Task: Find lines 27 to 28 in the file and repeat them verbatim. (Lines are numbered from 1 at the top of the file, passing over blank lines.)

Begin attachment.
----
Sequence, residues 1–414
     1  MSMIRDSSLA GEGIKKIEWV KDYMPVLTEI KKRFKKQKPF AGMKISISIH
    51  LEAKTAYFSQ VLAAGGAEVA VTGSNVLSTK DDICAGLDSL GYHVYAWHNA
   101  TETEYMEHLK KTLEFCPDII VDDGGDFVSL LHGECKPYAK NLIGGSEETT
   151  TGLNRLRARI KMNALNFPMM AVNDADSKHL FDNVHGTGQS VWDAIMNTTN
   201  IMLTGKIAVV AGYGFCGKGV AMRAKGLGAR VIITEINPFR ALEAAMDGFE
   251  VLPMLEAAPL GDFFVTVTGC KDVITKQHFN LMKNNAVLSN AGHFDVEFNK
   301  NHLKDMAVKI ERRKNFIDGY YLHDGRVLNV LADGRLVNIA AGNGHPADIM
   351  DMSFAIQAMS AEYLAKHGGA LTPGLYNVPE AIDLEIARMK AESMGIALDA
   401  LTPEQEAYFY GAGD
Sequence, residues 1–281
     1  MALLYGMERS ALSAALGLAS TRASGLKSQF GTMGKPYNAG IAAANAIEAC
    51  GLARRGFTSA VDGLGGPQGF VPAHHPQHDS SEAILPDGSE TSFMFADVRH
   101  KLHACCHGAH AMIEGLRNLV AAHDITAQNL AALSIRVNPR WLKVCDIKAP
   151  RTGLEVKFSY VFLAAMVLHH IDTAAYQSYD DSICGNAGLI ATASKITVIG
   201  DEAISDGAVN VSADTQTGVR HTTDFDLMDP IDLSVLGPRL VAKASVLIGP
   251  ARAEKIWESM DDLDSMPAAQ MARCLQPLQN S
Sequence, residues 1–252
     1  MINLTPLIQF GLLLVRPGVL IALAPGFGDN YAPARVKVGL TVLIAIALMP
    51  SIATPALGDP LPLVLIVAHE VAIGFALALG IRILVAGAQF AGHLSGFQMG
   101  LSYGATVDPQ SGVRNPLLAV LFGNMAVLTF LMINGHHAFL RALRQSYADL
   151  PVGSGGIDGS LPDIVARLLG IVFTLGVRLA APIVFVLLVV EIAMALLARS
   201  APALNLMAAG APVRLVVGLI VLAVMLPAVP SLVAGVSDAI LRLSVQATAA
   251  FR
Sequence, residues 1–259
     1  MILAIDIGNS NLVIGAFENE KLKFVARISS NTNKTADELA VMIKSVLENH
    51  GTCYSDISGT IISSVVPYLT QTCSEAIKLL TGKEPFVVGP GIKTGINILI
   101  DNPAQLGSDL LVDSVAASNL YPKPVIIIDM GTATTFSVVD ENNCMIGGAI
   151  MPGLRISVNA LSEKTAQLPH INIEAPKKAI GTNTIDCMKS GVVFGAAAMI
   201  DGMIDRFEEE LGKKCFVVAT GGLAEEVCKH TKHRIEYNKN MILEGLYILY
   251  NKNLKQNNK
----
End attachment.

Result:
    51  GTCYSDISGT IISSVVPYLT QTCSEAIKLL TGKEPFVVGP GIKTGINILI
   101  DNPAQLGSDL LVDSVAASNL YPKPVIIIDM GTATTFSVVD ENNCMIGGAI